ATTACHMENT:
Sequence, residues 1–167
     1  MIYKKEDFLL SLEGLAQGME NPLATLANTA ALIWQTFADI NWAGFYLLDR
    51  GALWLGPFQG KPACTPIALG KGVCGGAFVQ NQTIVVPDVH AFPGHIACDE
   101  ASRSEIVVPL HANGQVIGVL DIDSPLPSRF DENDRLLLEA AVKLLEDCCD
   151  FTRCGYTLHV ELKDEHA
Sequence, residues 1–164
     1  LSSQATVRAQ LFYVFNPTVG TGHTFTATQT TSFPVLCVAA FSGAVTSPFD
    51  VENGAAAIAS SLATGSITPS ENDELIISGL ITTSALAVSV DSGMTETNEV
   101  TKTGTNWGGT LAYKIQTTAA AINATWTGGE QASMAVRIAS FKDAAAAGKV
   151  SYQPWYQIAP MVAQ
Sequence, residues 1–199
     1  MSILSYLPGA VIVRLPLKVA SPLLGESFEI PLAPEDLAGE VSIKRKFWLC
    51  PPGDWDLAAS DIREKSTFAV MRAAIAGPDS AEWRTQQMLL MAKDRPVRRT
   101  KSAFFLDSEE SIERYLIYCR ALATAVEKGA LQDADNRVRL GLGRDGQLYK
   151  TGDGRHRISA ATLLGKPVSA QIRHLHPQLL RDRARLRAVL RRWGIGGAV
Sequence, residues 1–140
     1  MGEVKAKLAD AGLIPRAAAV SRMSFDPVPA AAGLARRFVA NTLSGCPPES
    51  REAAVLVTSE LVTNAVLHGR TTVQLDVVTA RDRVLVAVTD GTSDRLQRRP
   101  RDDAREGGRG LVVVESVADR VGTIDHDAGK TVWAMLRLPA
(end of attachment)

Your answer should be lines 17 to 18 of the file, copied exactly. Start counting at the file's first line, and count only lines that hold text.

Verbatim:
     1  MGEVKAKLAD AGLIPRAAAV SRMSFDPVPA AAGLARRFVA NTLSGCPPES
    51  REAAVLVTSE LVTNAVLHGR TTVQLDVVTA RDRVLVAVTD GTSDRLQRRP